Post Partum Anxiety: A Mother’s Experience With Maternal Mental Health
In honour of Bell Let’s Talk I am republishing this honest post on maternal mental health. While it is easy to share the joyful moments of motherhood and a new baby it is equally important to recognise the painful and raw parts too.
Check out Raw Beauty Talks for seven inspiring unfiltered stories about motherhood, sharing stories of post partum anxiety and depression.
The first person to ever ask me if I had ever had any issue with post partum depression or anxiety was my hairdresser. It’s seems kind of unbelievable really, especially considering she asked me this question just this past weekend and my youngest is already two years old. How can it be that no one ever checked in or flat out asked me this before?
All of us know just how taboo mental health topics can be. Especially talking openly about mental health, too often we feel a bit uncomfortable asking people in our lives how they are actually coping. It’s easy to assume our friends and family would feel comfortable reaching out and asking for help. However, in real life, this is far from the truth.
My Experience With Post Partum Anxiety
Right after I had baby number three I sunk into a weird unexpected cycle of feeling anxious. I never had any post partum depression or anxiety with the other two babies. I had a healthy baby in my arms and I was a seasoned mother, so why was I feeling this way?
This third baby was a high risk pregnancy, a wild delivery and our families first NICU experience. In retrospect that all played a role in the post partum anxiety but it was never red flagged by anyone.
As soon as I got home from the hospital a hot prickly feeling of anxiety crept into my daily life. I should have been relieved that the high risk pregnancy was over and I was finally home with my new baby. Instead, the happiness and relief was not enough to carry me through all of the feelings of anxiousness.
Coping With Post Partum Anxiety
One of the ways that I felt more in control and safe was being with the baby in my bedroom. We set up camp in my bed and I could actually feel tiny moments of bliss and happiness, it was definitely how I coped and survived this time in my life. However, if you asked me to do something that required getting out of the apartment I turned into an uncertain sweaty anxious person with a whirlwind of spiralling thoughts.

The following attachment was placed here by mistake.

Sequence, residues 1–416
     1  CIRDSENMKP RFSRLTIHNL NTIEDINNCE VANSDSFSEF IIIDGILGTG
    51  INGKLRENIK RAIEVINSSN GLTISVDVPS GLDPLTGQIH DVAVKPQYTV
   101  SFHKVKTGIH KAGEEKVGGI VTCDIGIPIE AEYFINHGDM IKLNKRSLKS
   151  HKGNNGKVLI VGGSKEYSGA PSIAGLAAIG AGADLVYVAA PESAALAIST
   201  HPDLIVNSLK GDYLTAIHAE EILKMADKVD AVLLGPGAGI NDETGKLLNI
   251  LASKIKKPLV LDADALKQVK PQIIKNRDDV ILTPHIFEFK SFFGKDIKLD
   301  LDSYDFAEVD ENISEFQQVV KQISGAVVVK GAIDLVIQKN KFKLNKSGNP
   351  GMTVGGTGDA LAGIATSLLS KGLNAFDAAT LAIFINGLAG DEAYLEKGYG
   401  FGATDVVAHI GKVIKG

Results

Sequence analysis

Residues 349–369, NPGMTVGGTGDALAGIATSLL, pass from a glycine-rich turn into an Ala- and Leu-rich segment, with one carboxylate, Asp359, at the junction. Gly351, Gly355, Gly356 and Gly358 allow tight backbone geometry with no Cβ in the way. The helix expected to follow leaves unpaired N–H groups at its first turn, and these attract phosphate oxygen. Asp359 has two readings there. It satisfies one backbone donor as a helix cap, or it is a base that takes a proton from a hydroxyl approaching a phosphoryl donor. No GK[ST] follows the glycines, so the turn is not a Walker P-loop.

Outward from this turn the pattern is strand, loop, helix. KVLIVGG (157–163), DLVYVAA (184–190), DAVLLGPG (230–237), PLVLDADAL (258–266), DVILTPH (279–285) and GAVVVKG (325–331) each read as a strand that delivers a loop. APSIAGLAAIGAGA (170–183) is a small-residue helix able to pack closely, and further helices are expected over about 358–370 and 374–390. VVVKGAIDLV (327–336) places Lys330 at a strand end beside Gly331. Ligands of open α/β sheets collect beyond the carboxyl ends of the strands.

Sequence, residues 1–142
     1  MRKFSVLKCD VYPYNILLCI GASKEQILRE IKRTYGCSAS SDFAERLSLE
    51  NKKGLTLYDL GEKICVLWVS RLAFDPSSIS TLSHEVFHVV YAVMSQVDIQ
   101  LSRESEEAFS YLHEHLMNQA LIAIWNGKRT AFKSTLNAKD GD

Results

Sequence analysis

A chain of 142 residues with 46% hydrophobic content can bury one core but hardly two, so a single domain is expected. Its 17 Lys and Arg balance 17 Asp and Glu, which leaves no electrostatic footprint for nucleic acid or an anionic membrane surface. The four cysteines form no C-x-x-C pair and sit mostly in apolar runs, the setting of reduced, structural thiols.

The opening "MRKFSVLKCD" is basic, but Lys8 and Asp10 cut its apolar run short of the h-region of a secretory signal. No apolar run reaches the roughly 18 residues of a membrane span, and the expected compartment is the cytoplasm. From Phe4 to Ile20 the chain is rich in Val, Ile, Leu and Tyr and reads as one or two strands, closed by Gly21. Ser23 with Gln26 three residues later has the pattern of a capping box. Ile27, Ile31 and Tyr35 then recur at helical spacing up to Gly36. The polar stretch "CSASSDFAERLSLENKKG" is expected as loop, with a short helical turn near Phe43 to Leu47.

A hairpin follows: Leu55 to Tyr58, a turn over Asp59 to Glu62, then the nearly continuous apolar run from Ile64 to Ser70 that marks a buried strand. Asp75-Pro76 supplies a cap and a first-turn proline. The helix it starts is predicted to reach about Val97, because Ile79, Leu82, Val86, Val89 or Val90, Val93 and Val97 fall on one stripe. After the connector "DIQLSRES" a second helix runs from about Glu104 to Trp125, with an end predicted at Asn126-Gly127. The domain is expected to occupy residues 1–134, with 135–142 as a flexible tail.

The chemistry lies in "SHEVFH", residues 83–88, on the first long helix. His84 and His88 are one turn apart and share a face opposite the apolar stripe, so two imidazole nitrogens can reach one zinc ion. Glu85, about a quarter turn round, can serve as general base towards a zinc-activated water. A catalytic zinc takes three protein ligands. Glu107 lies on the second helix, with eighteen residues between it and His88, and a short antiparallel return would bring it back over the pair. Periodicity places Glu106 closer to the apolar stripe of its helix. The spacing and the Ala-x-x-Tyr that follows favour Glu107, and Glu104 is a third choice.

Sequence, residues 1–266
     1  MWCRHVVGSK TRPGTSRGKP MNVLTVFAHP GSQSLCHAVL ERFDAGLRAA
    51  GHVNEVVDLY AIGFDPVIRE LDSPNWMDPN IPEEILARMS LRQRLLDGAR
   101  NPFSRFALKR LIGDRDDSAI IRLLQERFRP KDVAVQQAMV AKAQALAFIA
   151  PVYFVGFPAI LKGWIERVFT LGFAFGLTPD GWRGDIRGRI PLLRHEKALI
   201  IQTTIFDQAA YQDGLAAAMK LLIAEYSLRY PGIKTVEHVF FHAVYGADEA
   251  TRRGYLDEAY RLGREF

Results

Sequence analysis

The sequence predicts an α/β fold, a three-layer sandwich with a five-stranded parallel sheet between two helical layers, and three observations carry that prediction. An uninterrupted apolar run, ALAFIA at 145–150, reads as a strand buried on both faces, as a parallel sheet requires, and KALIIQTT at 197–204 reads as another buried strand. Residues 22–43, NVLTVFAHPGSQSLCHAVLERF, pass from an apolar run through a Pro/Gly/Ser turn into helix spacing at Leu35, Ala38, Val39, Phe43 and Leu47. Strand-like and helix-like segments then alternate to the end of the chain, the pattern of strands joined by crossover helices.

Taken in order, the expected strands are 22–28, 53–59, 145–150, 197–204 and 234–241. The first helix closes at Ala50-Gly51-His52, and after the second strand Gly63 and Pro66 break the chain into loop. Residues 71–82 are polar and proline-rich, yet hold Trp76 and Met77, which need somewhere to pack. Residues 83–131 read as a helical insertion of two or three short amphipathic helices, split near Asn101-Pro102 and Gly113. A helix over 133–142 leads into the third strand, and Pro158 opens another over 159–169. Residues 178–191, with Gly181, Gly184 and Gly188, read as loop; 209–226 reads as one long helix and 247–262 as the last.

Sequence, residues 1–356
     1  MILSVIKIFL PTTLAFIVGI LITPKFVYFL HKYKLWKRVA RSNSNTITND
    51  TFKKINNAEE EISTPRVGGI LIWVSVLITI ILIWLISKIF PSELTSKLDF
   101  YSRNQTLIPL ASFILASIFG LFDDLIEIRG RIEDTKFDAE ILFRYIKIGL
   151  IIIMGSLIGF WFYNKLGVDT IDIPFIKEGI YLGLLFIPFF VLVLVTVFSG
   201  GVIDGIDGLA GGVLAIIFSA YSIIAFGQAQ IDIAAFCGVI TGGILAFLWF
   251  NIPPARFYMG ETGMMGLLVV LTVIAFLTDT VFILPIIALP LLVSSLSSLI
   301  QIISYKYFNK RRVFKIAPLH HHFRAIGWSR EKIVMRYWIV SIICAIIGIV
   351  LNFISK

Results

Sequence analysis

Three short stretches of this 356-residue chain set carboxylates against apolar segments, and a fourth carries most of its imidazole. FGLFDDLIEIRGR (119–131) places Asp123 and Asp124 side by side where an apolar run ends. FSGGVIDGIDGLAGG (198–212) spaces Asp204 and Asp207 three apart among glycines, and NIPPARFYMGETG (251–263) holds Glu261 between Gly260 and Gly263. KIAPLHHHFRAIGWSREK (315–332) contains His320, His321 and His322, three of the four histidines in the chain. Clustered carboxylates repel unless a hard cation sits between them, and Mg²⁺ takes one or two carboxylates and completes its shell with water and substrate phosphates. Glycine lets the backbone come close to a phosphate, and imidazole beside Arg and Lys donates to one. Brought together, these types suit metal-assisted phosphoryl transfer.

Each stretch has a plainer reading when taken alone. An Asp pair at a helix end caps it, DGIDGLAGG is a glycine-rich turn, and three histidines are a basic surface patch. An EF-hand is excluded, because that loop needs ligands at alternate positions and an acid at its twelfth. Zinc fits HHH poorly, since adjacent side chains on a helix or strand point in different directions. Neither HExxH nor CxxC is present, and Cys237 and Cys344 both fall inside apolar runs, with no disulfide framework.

When the baby was about five weeks old my sister took my older kids over to Victoria to see extended family. It was all great until it was time to arrange how to bring the kids back home. The plan was for me to meet up about 45 minutes from home so I could go get them and drive them back.
At first I faked it and thought if I pushed myself enough I would get over the fear of leaving my bedroom, leaving the city and driving with the tiny baby to go and pick up the other kids. It was about not a long drive but the thought of having to do it made me feel physically sick.
It’s a drive I’ve done many times before and logically it did not make sense why it made me feel as upset as it did. That’s anxiety for you, it is totally an illogical process. I was worried about putting our very tiny baby into a car seat. I was worried about driving while feeling so tired. I was worried she might cry the whole drive.
I convinced myself that she could stop breathing in her car seat and I even let myself ‘go there’ and envisioned getting out of the car and finding that she had stopped breathing while I was on the highway.
Eventually my sister offered to bring the kids back home to me and I went from feeling totally ridiculous with all of my thoughts to feeling a sense of calm. I could stay in my bedroom, on my bed, with my tiny baby and we would be okay.
I could stop having to constantly process the ‘what ifs’ that were totally illogical but still swarmed my mind. Things that I had done with my other kids when they were babies just felt like too much this time around. Everything felt scary.
It was even too much for me to make the six week post partum check up with my obstetrician. Instead, I just kept telling myself that I’d eventually book it. Months went by and I could never bring myself to make that appointment.
The thought of going to the appointment felt like like this huge amount of energy. So I let myself decide that there was no way I could go. As expected, there was no call to check up on me or see if I was okay. Eventually I was totally off the office radar but not going didn’t help my feelings of anxiety. Instead, I’m sure it made it worse.
Support Through Post Partum Anxiety
Anxiety is a complex beast, it is completely controlling of your daily life. It steals your joy and your sense of self. The idea that something bad is about to happen all the time is utterly exhausting. Things that used to make you feel happy and satisfied were now coated with a new layer of uncertainty.
I wish that someone had flat out asked me if I was having any problems coping when I had this third baby. Just having someone to talk about these weird feelings would have been beneficial to my mental health.
Over time I started to feel less and less anxious. As my baby grew and I felt more in control of my daily life I had more anxiety free moments. It was not an over night transformation but a gradual continuous shift into feeling more steady. For me the feelings were the most intense for the first 3 to 4 months post partum and slowly eased off over the rest of the first year.